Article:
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Technical Paper

Static and Fatigue Performance of Fusion Welded Uncoated DP780 Coach Joints

2008-04-14
2008-01-0695
Typical automotive joints are lap, coach, butt and miter joints. In tubular joining applications, a coach joint is common when one tube is joined to another tube without the use of brackets. Various fusion joining processes are popular in joining coach joints. Common fusion joining processes are Gas Metal Arc Welding (GMAW), Laser and Laser Hybrid, and Gas Tungsten arc welding (GTAW). In this study, fusion welded 2.0 mm uncoated DP780 steel coach joints were investigated. Laser, Gas metal arc welding (GMAW), and laser hybrid (Laser + GMAW) welding processes were selected. Metallurgical properties of the DP780 fusion welds were evaluated using optical microscopy. Static and fatigue tests were conducted on these joints for all three joining processes. It was found that joint fit-up, type of welding process, and process parameters, especially travel speed, have significant impact on static and fatigue performance of the coach joints in this study.
Technical Paper

Resistance Spot Welding Evaluation of Transformation Induced Plasticity 780 (TRIP780) Steel for Automotive Body Structural Applications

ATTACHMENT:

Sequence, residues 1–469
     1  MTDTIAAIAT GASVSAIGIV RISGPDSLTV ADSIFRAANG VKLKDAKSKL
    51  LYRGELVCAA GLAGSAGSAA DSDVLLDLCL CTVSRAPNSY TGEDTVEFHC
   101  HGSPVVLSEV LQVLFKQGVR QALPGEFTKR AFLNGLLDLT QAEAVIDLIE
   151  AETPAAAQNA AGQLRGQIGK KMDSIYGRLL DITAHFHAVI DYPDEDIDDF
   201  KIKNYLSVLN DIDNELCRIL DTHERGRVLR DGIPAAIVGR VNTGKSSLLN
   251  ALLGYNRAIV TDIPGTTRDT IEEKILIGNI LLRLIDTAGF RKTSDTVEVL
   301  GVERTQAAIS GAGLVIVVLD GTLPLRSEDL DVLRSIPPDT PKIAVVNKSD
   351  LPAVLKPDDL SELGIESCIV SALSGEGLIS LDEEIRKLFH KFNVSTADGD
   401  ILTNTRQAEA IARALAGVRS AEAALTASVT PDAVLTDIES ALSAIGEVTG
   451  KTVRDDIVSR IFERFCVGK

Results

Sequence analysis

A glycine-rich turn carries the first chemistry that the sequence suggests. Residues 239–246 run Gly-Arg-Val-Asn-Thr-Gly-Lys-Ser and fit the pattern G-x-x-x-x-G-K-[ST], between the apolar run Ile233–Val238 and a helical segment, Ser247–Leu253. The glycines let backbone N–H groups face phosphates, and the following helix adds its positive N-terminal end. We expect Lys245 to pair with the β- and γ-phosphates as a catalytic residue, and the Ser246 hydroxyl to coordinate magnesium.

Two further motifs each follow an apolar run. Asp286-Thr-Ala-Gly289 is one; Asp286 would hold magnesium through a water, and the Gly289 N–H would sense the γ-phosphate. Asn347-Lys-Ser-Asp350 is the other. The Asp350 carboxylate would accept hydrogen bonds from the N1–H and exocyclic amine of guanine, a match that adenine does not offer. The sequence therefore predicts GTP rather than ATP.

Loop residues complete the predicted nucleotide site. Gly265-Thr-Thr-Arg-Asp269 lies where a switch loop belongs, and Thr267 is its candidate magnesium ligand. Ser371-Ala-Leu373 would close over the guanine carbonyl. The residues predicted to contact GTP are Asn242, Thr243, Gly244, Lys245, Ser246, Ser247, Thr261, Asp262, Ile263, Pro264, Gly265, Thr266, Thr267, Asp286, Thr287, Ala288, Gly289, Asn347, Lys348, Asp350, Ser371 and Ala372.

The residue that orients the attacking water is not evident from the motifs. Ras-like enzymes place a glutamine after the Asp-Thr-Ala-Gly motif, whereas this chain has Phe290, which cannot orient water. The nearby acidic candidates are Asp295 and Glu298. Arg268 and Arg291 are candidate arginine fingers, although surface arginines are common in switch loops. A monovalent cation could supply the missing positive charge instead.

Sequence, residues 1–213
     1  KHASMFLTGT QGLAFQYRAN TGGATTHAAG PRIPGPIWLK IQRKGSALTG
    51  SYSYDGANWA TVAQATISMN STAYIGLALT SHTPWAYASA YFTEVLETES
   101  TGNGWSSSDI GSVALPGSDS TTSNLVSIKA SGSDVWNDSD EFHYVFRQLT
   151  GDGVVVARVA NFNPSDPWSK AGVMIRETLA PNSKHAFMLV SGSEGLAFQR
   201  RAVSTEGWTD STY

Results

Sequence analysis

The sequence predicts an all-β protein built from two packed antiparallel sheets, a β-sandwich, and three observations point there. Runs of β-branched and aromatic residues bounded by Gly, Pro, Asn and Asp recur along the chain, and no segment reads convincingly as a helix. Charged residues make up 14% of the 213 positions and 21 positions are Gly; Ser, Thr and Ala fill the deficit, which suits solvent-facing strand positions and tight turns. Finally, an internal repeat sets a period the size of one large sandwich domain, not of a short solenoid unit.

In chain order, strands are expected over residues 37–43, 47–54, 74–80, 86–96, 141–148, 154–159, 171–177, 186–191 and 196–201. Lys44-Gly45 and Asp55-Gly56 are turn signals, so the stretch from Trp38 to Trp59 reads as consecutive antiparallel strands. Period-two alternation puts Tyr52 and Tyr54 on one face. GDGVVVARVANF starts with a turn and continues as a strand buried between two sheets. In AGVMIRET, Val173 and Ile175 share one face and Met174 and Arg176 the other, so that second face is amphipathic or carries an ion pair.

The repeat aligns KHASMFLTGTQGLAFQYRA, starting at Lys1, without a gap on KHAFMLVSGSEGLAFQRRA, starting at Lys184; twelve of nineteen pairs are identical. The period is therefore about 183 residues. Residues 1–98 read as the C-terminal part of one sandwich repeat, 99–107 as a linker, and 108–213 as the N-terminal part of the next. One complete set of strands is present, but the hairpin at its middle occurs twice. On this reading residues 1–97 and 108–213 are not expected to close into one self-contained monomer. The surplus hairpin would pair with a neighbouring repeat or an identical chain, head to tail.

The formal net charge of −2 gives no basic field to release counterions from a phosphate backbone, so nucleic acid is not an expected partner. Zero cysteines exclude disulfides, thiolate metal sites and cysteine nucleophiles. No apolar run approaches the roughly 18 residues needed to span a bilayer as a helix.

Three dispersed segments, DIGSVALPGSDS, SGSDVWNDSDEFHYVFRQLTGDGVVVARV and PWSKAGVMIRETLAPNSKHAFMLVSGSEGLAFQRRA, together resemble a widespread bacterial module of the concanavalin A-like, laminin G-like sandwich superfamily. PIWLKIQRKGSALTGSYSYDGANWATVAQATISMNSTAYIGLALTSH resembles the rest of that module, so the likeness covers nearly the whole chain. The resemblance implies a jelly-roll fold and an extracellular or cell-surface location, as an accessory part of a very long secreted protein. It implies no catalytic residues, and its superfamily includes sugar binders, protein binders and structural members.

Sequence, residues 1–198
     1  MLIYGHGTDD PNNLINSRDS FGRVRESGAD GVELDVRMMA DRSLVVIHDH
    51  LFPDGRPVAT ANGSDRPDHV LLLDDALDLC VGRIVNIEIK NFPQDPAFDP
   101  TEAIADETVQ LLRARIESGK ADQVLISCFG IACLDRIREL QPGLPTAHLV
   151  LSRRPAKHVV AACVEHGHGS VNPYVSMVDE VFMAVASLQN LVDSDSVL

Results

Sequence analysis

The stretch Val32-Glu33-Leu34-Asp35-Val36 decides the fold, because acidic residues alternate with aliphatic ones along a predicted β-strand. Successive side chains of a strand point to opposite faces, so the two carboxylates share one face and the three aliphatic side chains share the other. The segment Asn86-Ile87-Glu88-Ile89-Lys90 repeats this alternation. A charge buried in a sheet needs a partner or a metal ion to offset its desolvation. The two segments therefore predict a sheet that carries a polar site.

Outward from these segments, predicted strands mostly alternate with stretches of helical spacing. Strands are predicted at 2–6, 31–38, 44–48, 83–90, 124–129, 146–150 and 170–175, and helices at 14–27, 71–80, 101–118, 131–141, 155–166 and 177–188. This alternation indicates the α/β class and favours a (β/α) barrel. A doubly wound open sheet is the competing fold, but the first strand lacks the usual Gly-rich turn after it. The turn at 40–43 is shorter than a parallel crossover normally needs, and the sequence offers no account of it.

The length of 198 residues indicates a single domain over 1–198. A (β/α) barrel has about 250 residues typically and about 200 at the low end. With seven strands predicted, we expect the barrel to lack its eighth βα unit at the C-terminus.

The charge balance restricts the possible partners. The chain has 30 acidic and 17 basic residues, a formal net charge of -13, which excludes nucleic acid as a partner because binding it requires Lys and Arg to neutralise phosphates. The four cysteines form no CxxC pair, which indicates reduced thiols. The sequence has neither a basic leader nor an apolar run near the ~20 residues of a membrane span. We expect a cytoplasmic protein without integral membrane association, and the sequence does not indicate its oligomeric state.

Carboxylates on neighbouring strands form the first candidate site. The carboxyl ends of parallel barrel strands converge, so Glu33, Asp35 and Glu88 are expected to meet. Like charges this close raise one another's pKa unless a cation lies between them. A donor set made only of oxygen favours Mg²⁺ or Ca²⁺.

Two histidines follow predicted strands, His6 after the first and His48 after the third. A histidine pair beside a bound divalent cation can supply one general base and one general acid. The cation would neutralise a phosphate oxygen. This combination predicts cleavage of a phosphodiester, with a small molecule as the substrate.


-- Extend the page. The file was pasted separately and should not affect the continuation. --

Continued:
2009-04-20
2009-01-0805
There has been a substantial increase in the use of advanced high strength steel (AHSS) in automotive structures in the last few years. The usage of these materials is projected to grow significantly in the next 5–10 years with the introduction of new safety and fuel economy regulations. AHSS are gaining popularity due to their superior mechanical properties and use in parts for weight savings potential, as compared to mild steels. These new materials pose significant manufacturing challenges, particularly for welding and stamping. Proper understanding of the weldability of these materials is critical for successful application on future vehicle programs. Due to the high strength nature of AHSS materials, higher weld forces and longer weld times are often needed to weld these advanced steels.
Technical Paper

Laser Hybrid Welding of Aluminized Coated Boron Steel for Automotive Body Construction

2008-04-14
2008-01-1112
The automotive industry is in constant pursuit of alternative materials and processes to address the ever changing needs of their customer and the environment. This paper presents findings from a study using a laser hybrid process (laser with MIG) to join aluminum-silicon coated boron steel (USIBOR). In this report the influence of heat from the laser hybrid welding process and its effect on the coated boron steel is discussed. In order to understand the affect from laser hybrid joining process, bead on plate experiments were conducted using 1.0 mm, 1.6 mm and 2.0 mm thick coupons. Further, two lap joint configurations were also investigated using the 1.6 mm and 2.0 mm thick coupons. Based on the test results, a significant reduction in tensile strength was observed at the Heat Affected Zone (HAZ).
Technical Paper